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Cancer Epidemiol Biomarkers Prev. 2019 Mar;28(3):616-619. doi: 10.1158/1055-9965.EPI-18-0909. Epub 2018 Nov 12.

Dietary Acrylamide Is Not Associated with Renal Cell Cancer Risk in the CPS-II Nutrition Cohort.

Author information

1
Behavioral and Epidemiology Research Program, American Cancer Society, Atlanta, Georgia. marji.mccullough@cancer.org.
2
Behavioral and Epidemiology Research Program, American Cancer Society, Atlanta, Georgia.

Abstract

BACKGROUND:

Acrylamide, an industrial chemical and probable human carcinogen, can be formed in primarily carbohydrate-containing foods during high-heat cooking or processing. Most epidemiologic studies show no associations of dietary acrylamide intake with most cancer outcomes, but limited prospective evidence suggests a positive association with renal cell carcinoma (RCC).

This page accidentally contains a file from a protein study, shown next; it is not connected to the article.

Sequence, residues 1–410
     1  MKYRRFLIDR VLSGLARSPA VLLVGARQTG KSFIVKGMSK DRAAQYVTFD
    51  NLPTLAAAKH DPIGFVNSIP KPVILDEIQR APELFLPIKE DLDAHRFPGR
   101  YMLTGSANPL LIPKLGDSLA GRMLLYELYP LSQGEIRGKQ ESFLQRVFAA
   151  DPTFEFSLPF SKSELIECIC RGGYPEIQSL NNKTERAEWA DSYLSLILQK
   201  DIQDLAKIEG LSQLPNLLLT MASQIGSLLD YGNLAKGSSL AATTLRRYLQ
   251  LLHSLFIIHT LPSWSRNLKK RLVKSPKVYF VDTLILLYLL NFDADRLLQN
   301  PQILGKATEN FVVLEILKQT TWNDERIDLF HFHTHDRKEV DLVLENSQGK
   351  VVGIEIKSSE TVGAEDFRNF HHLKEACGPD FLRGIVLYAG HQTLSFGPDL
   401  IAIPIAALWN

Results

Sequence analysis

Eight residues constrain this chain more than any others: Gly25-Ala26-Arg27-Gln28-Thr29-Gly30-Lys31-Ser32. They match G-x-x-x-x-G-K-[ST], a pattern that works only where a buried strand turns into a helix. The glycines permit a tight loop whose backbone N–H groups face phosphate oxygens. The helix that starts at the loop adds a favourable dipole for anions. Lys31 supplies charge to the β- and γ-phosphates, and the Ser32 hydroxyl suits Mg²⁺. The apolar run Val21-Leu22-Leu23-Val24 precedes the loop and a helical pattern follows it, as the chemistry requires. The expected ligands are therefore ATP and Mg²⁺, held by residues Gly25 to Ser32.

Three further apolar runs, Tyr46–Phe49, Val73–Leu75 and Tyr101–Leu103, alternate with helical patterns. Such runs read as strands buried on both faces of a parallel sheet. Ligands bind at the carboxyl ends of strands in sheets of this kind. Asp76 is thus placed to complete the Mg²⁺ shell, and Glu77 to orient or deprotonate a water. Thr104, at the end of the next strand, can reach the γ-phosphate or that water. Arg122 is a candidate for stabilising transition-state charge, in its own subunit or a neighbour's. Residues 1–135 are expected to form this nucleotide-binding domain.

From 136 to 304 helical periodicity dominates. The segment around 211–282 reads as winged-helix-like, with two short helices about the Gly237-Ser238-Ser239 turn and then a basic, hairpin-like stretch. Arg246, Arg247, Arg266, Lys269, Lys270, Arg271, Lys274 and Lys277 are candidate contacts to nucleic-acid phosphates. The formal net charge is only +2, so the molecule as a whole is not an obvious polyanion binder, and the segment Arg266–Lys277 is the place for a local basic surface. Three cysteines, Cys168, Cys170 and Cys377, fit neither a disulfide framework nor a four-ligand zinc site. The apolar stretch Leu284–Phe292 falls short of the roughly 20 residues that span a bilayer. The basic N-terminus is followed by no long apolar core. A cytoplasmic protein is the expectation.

METHODS:

In 1999, 102,154 men and women from the Cancer Prevention Study-II Nutrition Cohort completed a questionnaire on diet, lifestyle, and cancer risk factors and were followed through June 30, 2013. Cox proportional hazards regression was used to estimate the HR and 95% confidence interval (CI) for the association between estimated dietary acrylamide intake and risk of RCC.

RESULTS:

After 1,137,441 person-years of follow-up, 412 cases of invasive RCC occurred. In multivariable-adjusted models, there was no association between acrylamide intake and risk of RCC (HR = 1.09; 95% CI, 0.82-1.43) for the highest versus lowest quartile of intake. Associations were not modified by sex or smoking history.

CONCLUSIONS:

We found no associations between dietary acrylamide exposure and risk of invasive RCC.

IMPACT:

The findings from this large, prospective analysis do not support a positive association between higher dietary acrylamide intake and RCC risk.

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